Incidentally, I’m certain, because of continued utterances from others, that people can’t distinguish between a JPEG they see online, and a full-sized digital file. People will often say that there’s no reason to ever buy a digital artwork when they can just steal it online.  Anyone who works in digital media can instantly see the problem with this stance. We all know how important it is to work very large, so you can get a non-pixelated, crisp, detailed, printable image large enough to be shown in galleries. The JPEGs of my work you can steal from the internet are good for making a print to stick on your fridge, but NOT for a high quality large scale print. The original files are usually at least 20 times as big, which reflects my practice of working about as large as my computer can handle it. You can’t just enlarge an image after the fact, either, as this just blows something up, but can’t produce more detail – a blown up postage stamp is not the same thing as something that starts out 4 feet wide.

Here are a couple more pieces that show an obvious influence of both Van Gogh and Bacon, but in terms of media and content are contemporary.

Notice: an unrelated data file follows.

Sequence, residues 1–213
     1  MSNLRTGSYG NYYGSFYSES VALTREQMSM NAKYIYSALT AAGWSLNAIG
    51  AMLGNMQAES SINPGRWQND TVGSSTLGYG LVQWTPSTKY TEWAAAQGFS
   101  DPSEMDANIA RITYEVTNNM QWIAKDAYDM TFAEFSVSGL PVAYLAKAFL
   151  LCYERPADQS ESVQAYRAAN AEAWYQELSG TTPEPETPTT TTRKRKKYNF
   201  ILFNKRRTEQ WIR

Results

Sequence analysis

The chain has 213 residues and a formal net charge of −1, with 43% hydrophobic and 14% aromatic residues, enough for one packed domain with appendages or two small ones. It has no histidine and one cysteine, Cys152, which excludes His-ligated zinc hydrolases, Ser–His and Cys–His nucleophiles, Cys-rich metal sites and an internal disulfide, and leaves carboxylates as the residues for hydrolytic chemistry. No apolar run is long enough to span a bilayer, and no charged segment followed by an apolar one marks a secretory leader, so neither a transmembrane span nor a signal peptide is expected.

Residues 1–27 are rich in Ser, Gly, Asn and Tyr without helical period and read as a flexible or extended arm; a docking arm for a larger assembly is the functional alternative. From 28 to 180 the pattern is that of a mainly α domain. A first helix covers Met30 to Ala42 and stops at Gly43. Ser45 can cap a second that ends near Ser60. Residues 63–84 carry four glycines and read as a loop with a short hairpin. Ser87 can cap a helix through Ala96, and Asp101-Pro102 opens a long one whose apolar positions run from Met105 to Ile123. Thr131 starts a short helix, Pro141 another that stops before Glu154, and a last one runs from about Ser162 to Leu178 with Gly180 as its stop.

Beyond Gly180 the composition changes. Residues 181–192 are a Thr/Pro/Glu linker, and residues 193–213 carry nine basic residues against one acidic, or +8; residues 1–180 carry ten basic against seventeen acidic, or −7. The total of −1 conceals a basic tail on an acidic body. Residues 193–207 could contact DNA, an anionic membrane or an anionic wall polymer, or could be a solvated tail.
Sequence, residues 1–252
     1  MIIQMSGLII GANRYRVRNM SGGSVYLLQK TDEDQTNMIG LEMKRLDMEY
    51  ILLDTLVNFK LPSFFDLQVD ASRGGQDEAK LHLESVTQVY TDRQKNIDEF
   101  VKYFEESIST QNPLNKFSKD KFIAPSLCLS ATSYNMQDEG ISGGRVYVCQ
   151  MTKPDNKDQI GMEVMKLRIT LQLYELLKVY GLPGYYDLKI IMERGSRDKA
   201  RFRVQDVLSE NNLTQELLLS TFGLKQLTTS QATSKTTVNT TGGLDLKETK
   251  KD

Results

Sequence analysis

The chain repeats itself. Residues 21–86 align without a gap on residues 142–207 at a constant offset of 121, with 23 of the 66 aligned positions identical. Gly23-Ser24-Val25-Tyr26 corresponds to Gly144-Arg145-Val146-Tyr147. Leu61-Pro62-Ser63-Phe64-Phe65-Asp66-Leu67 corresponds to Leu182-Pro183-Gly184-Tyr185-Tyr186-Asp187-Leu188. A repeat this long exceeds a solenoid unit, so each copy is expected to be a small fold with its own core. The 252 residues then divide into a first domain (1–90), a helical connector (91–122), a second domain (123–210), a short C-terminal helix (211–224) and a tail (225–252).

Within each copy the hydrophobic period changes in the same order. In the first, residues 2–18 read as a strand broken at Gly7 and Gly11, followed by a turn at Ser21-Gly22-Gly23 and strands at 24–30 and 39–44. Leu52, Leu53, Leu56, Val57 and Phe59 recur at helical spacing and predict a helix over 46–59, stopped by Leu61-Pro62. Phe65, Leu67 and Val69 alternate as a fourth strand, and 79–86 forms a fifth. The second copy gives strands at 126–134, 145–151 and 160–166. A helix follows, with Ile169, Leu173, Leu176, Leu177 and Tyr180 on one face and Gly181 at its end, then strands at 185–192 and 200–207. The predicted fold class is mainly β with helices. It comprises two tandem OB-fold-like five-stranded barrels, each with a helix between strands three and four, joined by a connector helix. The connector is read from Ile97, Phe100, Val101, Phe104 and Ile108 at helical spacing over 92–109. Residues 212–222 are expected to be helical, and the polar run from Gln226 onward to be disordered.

Monster Maiden #1

Monster Maiden #1

and

EUOF: Color, Painted Version

EUOF.

So there you have it, “evolutionary art” builds on the art of the past (in my case specifically visual art), incorporates and reflects the contemporary world, and strives to innovate and search for new visions. Evolutionary art has elements of revolutionary and traditional art, but seeks to integrate and hybridize, rather than distinguish itself at the extremes. For me it’s the best of both worlds, but most of the world may beg to differ. The self-styled revolutionary artists, and their following, see any vestige of traditional art as a redundant appendage that one would be better off lopping off; and the traditionalists reject it out of hand as outside the allowed boundaries of what they believe is defacto classic art practice.